February 6, 2008
As I built the fist tour, on education, I was working from an outline I had created for a talk (which will, in fact, be the tour) that I am slated to present this Friday, at USC’s DIY Summit (proposal below). To move these ideas from the academic page to YouTube, I did two things: I quoted my own words directly as comments on the videos I selected (working against the standard form of the YouTube comment: LOL!, loved the video):
1: Maia plays with the destablization of the aural/visual binary by using her well-written words in a self-consciously “bad” video (it rolls too fast; it has no images) to illustrate the decline of the word on YouTube, and yet, how we still rely upon and need words, in long-form, within higher education.
2. Dan pushes us to consider what we might gain from, and how we need to approach, the waning of the strength of the entertainment/education binary. On YouTube, learning comes best from speed, summary, repetition, humor, and the popular.
3. Ben celebrates YouTube’s “limitless supply of knowledge.” Signature YouTube, he cynically but comically parodies this newly available library of the inane and private, while displaying what results when the binaries of public/private and expert/amateur are undone. YouTube does humor, sincerity, the democratization of voice, and the increased access to an immense archive of moving images and viewpoints really well. But none of these are particularly conducive for higher learning.
4. Delaine’s self-referential performance, as is true for many successful YouTube videos, does and shows the thing itself, in this case the unsettled and unsettling separation of the Aural from the Visual, the Cyber from the Real.
5 Sonya performs a new mode of viewing the same old popular culture. Now, YouTube uses its users to create banal content, self-censorship, and ad revenue providing in return a postmodern television/townsquare whose corporate ownership promotes dominant culture, while forecloseing complex conversation and sustained community in favor of the aimless, disoriented pleasures of the individual (eyeball) or ear.
6. Salim, and his partners in crime, contribute another self-referential video about and formed by YouTube videos about and formed by popular culture, where critique is not popular. Like all the videos in this tour, it is “bad,” at least by the standards of film school. YouTube demands and creates new video standards based upon brevity, consolidation, humor, self-reference, and popular opinion.
And I summarized (always the summary…) in the video I created to begin the tour:
That’s the beginning of the tour. The whole thing takes 20 minutes.
And here’s is what I said I’d cover when I proposed my talk to my fellow panelists via email:
“YouTube is not a successful educational site or site for education.
While many things work well on the site–entertainment, humor, sincerity, viewer control, viewer’s ability to gain voice, increased access to images, and immensity of offerings–none of these are particularly conducive for higher learning. Meanwhile, the site inadequately provides many of the elements most critical for critical pedagogy: the ability to search, link, comment, version, use written language or long-form, and particularly to connect across texts or individuals so as to build and maintain ideas and community. YouTube uses its users to create content, self-censorship, and ad revenue providing in return a postmodern television/townsquare whose corporate ownership forecloses complex conversation and sustained community in favor of the aimless, disoriented pleasures of the individual (eyeball). While my students learned to hack YouTube by reformatting its standard forms to hold academic content, we are certain its best pedagogic use is in tandem with other digital and non-digital resources. This said, using YouTube as a learning platform/subject did allow us to see exciting if destabilizling tensions between several dyads which are usually kept in better isolation within more standard sites and forms of pedagogy: public/private, aural/visual, reality/cyber, entertainment/education, amateur/expert, control/chaos. While interesting to observe, each of these destablizations made the course hard to teach, and the content difficult to learn. The course begs us to consider what education will/does/should look like as it becomes a more public, corporate, digital, amateur-created, but uncontrolled form of entertainment.”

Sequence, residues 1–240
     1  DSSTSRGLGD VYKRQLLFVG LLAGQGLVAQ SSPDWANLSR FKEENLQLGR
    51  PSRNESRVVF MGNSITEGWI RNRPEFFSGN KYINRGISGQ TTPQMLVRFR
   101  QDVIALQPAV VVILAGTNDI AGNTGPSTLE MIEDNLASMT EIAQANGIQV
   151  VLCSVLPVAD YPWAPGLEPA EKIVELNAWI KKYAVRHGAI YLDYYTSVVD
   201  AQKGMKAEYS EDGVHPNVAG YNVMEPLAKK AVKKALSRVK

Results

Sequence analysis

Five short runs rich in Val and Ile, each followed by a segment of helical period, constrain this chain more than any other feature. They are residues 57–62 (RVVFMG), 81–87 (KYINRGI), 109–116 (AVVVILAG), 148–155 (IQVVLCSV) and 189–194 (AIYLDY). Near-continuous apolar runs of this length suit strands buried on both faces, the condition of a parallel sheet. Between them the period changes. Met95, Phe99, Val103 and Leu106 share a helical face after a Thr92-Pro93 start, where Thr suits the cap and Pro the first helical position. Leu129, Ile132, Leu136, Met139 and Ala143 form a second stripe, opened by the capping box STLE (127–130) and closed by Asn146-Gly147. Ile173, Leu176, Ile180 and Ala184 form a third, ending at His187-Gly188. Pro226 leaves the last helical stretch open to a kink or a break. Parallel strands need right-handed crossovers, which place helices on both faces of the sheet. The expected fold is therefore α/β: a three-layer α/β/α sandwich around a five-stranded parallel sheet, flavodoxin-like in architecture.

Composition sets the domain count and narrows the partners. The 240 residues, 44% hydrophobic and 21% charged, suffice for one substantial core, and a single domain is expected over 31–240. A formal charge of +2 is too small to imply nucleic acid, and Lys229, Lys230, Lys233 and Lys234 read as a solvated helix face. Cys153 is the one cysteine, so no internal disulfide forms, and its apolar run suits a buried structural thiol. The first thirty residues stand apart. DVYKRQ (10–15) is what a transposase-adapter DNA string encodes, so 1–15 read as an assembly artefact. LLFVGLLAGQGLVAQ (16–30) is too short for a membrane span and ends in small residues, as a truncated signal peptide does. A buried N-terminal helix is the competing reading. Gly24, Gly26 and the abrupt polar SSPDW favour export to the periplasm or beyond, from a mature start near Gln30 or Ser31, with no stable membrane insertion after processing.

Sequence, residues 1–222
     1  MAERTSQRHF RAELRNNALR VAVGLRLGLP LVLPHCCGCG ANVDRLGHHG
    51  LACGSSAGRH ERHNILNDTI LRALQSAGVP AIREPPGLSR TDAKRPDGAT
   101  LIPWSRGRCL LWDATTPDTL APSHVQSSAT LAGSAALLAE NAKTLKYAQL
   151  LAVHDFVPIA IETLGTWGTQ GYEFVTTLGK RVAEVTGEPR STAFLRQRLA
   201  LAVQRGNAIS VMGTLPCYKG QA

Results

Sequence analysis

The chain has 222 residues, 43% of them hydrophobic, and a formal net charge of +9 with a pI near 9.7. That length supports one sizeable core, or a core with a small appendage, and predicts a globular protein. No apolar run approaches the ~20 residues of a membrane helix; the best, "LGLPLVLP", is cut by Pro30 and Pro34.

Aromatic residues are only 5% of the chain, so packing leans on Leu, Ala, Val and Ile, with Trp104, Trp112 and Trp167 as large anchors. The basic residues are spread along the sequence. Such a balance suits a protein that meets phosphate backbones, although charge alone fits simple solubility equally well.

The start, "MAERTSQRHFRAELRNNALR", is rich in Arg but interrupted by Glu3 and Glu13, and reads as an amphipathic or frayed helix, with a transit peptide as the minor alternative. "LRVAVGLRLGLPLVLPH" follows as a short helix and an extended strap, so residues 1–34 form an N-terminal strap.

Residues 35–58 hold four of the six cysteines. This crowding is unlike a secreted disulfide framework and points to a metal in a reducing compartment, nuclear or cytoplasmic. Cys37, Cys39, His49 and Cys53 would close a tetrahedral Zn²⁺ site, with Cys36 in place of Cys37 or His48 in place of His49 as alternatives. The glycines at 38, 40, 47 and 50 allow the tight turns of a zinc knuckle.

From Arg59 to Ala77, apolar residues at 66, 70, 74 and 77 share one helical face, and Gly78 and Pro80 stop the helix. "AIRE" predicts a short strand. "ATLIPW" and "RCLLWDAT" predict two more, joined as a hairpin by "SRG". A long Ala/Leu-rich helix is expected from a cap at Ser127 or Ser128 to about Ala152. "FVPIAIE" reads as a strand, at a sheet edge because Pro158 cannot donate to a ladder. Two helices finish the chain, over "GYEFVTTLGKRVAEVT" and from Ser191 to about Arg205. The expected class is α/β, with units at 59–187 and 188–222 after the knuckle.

Perhaps I’ll reflect on what worked and what did not after I present at USC on Friday.
February 5, 2008
Today, I posted my first “tour” of the work and lessons-learned by the Learning from YouTube class.
I will try to post one per week, with accompanying blogs, for the next 8 weeks, resulting in 9 tours on: education, entertainment, popularity, vernacular, visual, user, owner, community and archive.
It took me awhile to decide how I’d like to present the many things I think we learned during that hectic semester, and I was pleased when I remembered the “tour” method, one we had devised during the semester to try to work YouTube against itself by creating a linked, sharable, and repeatable path, with associated comments, through its chaos. It seemed right to “publish” my results on YouTube, continuing to hack and use its forms to hold our analytical content and designs; to continue to use it to speak to, and about itself.
Attempting to present my analysis of the site on its pages, rather than, say, in those of an academic venue, demanded profound changes in the nature of my work, as a media scholar and educator that, as ever, prove telling about the workings of YouTube. The key differences were a matter of: time and brevity, vernacular, audience, professional standards, and language.